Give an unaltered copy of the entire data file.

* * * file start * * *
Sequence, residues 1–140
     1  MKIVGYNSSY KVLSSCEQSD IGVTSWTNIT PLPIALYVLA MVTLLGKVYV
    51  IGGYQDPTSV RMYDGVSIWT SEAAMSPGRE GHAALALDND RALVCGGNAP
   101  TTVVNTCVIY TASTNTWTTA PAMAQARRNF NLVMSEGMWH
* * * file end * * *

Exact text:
Sequence, residues 1–140
     1  MKIVGYNSSY KVLSSCEQSD IGVTSWTNIT PLPIALYVLA MVTLLGKVYV
    51  IGGYQDPTSV RMYDGVSIWT SEAAMSPGRE GHAALALDND RALVCGGNAP
   101  TTVVNTCVIY TASTNTWTTA PAMAQARRNF NLVMSEGMWH